She perseveres because of what she’s not, and I admire her because of it.
Day 83: I’ve always been a nomad, having spent my life so far between Hong Kong, San Francisco, Rochester, and now Los Angeles.
It’s not that I have this constant need to move to a new destination every few years, but rather there would always be something that’d lead me there: RIT in Rochester, family in Hong Kong, IGN in LA, that sort of thing.
But it’s also my personal choice to keep my life as flexible and mobile as it is. I like that I can fit my life in my car; to pick up and go at a moment’s notice.
Day 82: There’s this area of the hardwood floor right in the middle of my studio apartment that would creak loudly whenever I step on it. I used to not pay attention to it since this is an old apartment after all, but lately I began wondering if that creaking noise would be bothersome to my downstairs neighbor.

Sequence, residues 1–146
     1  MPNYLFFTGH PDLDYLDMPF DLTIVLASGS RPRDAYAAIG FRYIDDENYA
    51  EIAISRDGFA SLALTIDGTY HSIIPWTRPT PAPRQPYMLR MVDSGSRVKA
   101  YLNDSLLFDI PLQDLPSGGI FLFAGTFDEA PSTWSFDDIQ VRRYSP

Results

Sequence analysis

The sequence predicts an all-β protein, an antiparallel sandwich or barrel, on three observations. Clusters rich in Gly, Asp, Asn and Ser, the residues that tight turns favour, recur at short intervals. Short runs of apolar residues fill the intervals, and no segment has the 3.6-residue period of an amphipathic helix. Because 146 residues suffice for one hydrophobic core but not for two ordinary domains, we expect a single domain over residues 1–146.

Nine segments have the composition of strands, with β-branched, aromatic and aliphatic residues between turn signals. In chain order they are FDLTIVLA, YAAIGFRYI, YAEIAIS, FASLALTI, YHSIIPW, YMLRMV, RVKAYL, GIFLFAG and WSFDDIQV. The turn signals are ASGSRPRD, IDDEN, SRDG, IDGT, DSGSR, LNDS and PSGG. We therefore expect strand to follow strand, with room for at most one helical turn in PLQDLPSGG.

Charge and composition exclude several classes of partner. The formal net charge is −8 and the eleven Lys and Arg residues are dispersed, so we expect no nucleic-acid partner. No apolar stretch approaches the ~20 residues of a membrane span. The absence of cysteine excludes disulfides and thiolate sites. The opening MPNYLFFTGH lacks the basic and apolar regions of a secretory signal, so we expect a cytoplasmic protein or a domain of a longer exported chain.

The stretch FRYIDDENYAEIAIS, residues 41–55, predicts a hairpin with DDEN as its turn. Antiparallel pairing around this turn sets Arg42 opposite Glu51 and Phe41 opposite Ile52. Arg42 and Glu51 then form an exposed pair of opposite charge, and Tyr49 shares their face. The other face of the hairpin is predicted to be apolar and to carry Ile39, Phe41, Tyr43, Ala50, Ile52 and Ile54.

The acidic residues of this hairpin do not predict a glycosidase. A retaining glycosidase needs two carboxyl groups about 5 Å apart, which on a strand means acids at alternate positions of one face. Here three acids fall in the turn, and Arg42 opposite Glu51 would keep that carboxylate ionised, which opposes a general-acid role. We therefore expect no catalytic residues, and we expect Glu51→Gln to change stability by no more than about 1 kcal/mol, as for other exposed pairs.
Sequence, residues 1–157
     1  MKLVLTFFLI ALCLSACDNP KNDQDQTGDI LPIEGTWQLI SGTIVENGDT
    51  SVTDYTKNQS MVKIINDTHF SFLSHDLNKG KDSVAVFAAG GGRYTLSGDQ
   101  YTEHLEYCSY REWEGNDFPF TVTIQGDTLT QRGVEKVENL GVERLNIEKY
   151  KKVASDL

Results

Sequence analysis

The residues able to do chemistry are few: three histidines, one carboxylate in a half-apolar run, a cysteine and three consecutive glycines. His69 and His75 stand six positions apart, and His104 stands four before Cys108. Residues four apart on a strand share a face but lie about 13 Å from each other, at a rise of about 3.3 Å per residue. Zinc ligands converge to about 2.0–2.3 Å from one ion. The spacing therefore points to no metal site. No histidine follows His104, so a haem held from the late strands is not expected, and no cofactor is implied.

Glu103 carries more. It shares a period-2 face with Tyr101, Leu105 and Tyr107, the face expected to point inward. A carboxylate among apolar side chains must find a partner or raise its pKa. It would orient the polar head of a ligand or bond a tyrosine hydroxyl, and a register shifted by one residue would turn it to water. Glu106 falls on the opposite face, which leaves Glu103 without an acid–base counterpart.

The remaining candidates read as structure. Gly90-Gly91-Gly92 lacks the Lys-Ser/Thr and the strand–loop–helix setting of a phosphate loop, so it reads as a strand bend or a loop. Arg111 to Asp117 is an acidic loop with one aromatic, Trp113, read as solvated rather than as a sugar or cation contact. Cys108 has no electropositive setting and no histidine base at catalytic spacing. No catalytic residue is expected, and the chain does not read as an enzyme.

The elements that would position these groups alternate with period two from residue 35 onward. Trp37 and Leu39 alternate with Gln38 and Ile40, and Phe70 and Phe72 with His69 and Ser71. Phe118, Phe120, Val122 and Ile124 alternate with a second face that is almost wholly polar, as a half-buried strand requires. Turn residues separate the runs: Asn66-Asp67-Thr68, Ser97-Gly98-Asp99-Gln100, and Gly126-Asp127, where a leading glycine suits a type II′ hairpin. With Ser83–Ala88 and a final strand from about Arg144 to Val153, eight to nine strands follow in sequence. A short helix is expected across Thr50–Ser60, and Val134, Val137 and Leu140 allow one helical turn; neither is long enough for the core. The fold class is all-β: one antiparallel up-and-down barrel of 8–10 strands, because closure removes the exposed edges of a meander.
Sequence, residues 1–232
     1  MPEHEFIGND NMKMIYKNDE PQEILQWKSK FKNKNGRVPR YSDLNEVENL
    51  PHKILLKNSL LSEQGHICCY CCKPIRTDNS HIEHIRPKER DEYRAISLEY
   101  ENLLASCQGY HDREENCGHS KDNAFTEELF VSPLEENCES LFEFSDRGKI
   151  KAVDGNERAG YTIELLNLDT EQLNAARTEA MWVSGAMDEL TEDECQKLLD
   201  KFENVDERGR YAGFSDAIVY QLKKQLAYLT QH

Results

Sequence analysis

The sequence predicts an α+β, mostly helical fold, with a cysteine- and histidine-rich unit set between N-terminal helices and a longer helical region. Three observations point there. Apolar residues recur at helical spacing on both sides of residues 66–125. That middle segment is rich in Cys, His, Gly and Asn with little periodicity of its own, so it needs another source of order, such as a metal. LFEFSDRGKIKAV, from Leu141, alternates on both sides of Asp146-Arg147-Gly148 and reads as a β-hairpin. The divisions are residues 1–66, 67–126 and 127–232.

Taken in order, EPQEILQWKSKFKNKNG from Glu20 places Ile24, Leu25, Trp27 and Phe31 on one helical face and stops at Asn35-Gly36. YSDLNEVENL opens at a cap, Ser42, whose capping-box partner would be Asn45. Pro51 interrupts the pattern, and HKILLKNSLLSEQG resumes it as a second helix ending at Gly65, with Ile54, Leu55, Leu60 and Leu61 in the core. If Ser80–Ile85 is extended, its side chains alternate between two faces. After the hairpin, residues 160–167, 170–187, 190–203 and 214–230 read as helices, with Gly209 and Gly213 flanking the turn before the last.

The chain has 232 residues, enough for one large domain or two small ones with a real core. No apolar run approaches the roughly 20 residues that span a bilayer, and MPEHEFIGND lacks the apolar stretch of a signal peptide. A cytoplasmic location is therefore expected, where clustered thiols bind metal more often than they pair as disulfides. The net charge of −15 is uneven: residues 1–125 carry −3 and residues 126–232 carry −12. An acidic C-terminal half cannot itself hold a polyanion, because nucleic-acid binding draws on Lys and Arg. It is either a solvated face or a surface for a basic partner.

I’ve been super conscious about it ever since. Every time I’d have to cross the room, I would try to walk around this otherwise huge empty space in the apartment, this massive invisible furniture I can’t unsee, just to avoid the noise.
Day 81: I used to love cold weather. I love how refreshing and crisp the air would get in the winter. There’s just something magical and blissful to cozy up in a blanket while marathon-watching my favorite tv show over a lazy Sunday afternoon.
But ever since I moved down to Los Angeles, I’ve been really enjoying the summer down here in SoCal. December marks only the beginning of winter and I’m pretty much ready for it to be over. It doesn’t help that my apartment has poor insulation so there’s no point of turning up the heat.
Counting down the days